These different speeds are not changes in the definition of an arahant. You are correct. Some gained arahantship with a short teaching. Some gained stream entry with a short teaching. It appears that those who gained arahatship were wanderers who had already purified their conduct, and appear to have purified their mind from sensual desires with meditative practice. They just needed their view to be set straight. I don’t think there are any examples of lay people or new bhikkhus attaining arahantship quickly. They sometimes attained stream entry quickly, but then needed to work on the other fetters.
True, but the dhamma or principles remains the same.
I guess this isn’t true? Vinaya experts can comment
Not scertain if Bahiya meditated, but Alarakalama and Uddaka certainly did, as they were the first people the Buddha thought of as being capable of realising the teachings.
Ajahn Bhramali indicated that the Vinaya was developed over several centuries during and after the time of the Buddha. Not sure if it is possible to trace which bits were added after the Buddha but if it was no issue at the time of the Buddha to know that him and many others had achieved various stages of awakening then the rules forbidding the monastics to talk about their progress are very good candidates for being additions made after the Buddha.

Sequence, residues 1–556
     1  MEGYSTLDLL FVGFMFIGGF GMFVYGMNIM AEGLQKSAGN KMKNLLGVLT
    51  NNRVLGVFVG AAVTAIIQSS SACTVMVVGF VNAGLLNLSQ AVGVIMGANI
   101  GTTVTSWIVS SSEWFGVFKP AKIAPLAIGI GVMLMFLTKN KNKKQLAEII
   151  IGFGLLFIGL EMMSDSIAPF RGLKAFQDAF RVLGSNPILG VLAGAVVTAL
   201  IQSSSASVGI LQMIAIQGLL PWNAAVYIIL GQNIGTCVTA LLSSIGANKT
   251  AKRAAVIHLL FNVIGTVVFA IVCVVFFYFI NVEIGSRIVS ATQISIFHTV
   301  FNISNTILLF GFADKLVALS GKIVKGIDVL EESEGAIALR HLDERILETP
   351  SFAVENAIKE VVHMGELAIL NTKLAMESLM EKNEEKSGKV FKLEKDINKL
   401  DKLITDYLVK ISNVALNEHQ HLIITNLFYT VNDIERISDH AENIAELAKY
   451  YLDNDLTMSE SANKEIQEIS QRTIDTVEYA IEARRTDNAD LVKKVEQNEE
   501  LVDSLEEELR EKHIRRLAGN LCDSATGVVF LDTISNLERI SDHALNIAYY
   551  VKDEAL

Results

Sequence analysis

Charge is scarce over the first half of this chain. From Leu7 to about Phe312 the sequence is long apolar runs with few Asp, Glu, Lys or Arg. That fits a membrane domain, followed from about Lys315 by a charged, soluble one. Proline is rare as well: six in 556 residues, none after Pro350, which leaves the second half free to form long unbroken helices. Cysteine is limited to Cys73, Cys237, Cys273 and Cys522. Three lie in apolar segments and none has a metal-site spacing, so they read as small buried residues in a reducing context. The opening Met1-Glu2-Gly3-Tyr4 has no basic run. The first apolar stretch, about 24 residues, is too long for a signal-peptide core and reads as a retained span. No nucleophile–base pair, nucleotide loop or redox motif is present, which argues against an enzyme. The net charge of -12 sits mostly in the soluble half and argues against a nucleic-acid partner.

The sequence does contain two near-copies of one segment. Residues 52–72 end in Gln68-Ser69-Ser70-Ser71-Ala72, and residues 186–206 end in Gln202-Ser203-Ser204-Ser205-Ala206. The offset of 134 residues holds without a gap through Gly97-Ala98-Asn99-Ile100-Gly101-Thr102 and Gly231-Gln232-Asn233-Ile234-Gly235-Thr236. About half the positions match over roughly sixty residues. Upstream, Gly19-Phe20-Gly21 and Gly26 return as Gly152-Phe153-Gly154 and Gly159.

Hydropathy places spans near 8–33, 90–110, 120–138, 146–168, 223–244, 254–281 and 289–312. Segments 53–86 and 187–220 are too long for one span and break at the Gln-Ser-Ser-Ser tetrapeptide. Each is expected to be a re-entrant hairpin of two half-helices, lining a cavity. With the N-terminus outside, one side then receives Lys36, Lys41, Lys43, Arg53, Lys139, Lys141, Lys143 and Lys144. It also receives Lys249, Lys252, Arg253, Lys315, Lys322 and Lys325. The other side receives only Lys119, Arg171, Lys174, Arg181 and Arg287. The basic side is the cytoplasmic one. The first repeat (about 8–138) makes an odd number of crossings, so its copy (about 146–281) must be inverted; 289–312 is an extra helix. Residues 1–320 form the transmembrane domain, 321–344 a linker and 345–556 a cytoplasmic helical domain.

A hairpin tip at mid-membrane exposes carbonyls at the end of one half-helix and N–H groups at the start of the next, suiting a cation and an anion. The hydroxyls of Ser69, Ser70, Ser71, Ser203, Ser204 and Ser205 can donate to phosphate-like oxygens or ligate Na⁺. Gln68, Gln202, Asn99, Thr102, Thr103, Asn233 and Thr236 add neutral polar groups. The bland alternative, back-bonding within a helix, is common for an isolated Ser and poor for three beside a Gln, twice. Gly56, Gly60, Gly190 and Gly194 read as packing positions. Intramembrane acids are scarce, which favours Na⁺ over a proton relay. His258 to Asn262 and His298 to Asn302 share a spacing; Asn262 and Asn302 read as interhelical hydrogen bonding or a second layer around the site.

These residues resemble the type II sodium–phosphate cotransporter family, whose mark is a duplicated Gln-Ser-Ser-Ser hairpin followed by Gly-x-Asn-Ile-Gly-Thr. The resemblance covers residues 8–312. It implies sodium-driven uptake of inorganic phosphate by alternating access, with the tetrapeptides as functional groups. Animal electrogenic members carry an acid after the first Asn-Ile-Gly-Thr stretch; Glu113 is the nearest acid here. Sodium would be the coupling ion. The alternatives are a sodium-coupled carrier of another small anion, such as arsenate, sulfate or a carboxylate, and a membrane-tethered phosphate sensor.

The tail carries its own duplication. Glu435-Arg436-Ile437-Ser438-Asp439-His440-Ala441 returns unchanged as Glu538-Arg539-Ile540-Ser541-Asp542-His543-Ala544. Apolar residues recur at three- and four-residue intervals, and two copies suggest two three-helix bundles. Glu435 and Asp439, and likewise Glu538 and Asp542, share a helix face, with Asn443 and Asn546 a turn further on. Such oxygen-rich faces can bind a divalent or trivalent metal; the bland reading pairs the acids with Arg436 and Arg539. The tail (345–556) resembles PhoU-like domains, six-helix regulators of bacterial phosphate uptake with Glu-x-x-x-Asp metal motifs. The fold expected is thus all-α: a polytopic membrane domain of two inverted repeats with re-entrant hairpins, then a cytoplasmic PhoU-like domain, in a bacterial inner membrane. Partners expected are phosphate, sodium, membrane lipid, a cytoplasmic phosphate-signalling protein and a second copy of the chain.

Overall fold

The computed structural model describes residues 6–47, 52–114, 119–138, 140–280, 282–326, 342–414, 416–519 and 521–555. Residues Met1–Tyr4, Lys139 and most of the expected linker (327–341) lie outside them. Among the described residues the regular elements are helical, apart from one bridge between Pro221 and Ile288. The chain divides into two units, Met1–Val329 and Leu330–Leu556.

Yes though they didn’t have access to the suttas like we do now so their knowledge may have been limited to monks who were memorising the suttas adding each one incrementally to their collective memory.
@Mat, I wrote that in the context of the Pacitiya 8 rule which specifically is about speaking to lay people about attainments. In this context the difference is an essential distinction to make about who the listener is. . I think I know the point youre trying making however, in the context of the rule, the distinction is paramount!
I would encourage you to do some more research into this yourself. Remember that there is a difference between the Vinaya pitaka as a whole and the patimokkha rules themselves. You could start by checking the different Pali recensions and then check the other schools to see if it is consistent across them. Then report back to us from a more informed position?
Having studied this rule with Ajahn Brahmali himself, I can assure you that he would disagree with the assesment you make of it here under his name.
Edit: Actually, as I’d already checked it earlier, I will help you Here’s a screenshot of Pachow’s Comparative Study and sure enough, it’s fairly consistent across the various recensions, meaning it’s more likely to be an early (and therefore authentic) rule.